What constitutes this other system or systems and how does this communication take place? One theory is that the body communicates via the acupuncture meridian channels. Another is via the body’s fascial network, what is known as the Anatomy Train. The fascia, our connective tissue system, has been noted to carry an electro-magnetic charge more rapidly than the brain’s neuro-chemical network.
Equally fascinating is the discovery by the bio-physicist, Fritz Albert-Popp, that photons, light particles without mass, could carry and transmit information within and between cells. Popp called the storing and releasing of photons ‘bio photonic emission’. He found that DNA uses a range of frequencies as an information tool suggesting a communication feedback loop through waves, which encode and transfer information between cells.
Biophotonic emission is a perfect communication system with the potential to transfer information to cells across the body—even to other bodies.
Fascinating laboratory studies conducted in Northern California with high level internal martial artists have revealed their ability to emit photons from their body—at will. How, why, and to what effect, might begin to explain the unusual strengths and feats of some practitioners.
Whether electro-magnetic, chemical, photonic, neural, all four, or otherwise, during the opening move of Sanchin, a muscular charge is built up and distributed through a combination of intention, deep relaxation and three simultaneous physical actions; a deep belly in-breath, a proper crescent step, and the rotation of the lead foot’s heel outward. When done with proper sequencing, the right leg’s Yin meridians are switched on, signaling a charge to a specific muscular chain, giving the muscles along this network greater contractibility. (Note: the Sanchin variation being discussed begins with a right foot forward.)
Where the science of Ki still remains in a theoretical arena, the outcome of its activation has been proven in thousands of tests using subjects of all ages and martial skill levels. For example, when Sanchin’s opening crescent step is performed correctly, most students will demonstrate a noticeable, even remarkable and instant increase in physical strength—for certain actions.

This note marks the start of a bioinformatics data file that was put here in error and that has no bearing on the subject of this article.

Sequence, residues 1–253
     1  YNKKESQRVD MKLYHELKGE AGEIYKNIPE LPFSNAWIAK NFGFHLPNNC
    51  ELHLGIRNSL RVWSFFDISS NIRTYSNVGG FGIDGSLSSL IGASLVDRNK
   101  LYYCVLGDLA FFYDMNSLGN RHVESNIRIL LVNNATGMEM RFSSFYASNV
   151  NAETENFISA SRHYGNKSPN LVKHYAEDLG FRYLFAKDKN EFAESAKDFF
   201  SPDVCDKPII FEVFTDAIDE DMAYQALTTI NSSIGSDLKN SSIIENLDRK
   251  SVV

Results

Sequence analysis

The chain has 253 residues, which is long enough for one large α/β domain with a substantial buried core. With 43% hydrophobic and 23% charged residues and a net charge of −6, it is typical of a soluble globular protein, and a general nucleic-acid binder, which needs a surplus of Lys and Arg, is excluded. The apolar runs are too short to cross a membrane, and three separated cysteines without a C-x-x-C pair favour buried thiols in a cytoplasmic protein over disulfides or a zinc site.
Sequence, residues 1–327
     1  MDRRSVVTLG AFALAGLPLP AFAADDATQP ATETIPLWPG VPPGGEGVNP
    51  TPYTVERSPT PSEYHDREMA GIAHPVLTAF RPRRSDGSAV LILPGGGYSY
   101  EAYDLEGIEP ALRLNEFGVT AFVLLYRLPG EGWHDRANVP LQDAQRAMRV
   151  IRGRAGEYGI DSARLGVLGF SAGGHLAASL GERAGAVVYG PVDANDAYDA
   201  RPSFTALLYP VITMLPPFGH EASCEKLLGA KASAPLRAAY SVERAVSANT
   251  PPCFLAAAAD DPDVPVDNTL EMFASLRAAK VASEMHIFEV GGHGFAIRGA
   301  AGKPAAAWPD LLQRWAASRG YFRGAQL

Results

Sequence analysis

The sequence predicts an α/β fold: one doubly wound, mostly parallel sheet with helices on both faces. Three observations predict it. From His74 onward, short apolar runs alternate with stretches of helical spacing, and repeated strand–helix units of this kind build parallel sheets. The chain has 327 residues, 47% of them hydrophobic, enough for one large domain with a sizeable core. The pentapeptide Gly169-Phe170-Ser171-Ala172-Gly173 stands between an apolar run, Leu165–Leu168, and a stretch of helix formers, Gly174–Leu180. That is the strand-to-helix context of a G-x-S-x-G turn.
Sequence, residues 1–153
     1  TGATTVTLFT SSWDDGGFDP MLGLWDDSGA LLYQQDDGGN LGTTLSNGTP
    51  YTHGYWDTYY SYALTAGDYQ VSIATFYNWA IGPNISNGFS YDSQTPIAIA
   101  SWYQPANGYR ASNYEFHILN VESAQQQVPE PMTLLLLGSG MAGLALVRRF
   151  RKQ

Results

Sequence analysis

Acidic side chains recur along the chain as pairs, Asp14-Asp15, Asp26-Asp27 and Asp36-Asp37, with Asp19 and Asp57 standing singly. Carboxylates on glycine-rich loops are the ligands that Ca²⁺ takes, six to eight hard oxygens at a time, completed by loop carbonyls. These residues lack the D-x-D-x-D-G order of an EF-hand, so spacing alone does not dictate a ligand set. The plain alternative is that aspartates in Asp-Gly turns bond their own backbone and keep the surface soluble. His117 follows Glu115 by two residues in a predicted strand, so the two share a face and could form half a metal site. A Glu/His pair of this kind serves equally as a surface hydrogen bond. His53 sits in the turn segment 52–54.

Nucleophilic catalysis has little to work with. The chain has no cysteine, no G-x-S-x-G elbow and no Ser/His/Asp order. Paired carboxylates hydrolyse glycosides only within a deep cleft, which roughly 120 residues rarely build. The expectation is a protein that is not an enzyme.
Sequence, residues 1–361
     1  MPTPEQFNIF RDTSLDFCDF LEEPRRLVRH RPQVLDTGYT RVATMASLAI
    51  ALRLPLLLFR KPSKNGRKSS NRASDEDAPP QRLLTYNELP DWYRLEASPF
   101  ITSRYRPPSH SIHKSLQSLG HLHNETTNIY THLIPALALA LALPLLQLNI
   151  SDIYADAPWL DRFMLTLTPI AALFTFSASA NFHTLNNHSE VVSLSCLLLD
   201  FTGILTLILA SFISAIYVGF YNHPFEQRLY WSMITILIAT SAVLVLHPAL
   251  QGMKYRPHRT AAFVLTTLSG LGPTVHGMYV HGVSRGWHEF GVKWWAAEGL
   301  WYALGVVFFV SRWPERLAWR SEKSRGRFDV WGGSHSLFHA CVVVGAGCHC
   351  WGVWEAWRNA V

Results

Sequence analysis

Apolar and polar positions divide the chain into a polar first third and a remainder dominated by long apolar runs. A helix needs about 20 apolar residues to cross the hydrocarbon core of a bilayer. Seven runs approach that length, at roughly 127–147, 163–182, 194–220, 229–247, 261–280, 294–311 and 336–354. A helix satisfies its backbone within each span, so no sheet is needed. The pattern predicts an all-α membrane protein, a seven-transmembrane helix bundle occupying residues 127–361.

“In this new model weakness is seen
as the wrong communication,
the wrong polarity,
the wrong muscles being charged.”
On one plane of the internal power perspective, physical strength can be divided into two categories; Yang-oriented strength and Yin-oriented strength. Simply put, physical strength can be divided into pushing versus pulling actions. Without complicating this, to push or punch harder, Ki must be distributed to the front of the body. To pull harder, Ki must be distributed to the back of the body. Specific limb and torso actions, breath manipulation, mental visualizations and intentions will bring this shift about. Sanchin’s limb actions activate and maximize the proper distributory meridians or ‘Strength Channels’ to produce heightened results.
In this new model, weakness is seen as the wrong communication, the wrong polarity, the wrong muscles being charged. In the dojo we commonly understand correct limb action as, “good form.” We can now further add, “good charge!”
Sanchin’s opening punch sequence activates Yang strength. The second spear/press sequence activates Yin strength. The final Dharma Wheel rotation of the hands activates both channels simultaneously.
Consider there are numerous Sanchin formulas to achieve this distribution. But no matter how much they appear varied on the outside, they must all follow certain energetic guidelines to be an authentic internal Sanchin.
Most people are right-handed. The right arm is generally stronger and therefore used as an extensor/offensor and hence the preferred punching mechanism in most karate systems. The left side was always the preferred retractor and hence its role as the defensor/receptor, being its primary use as the blocking or parrying tool. The salutations of some schools often indicate this distinction in their opening gestures by presenting a left (Yin) open hand and right (Yang) closed fist during the Rei or bowing salute.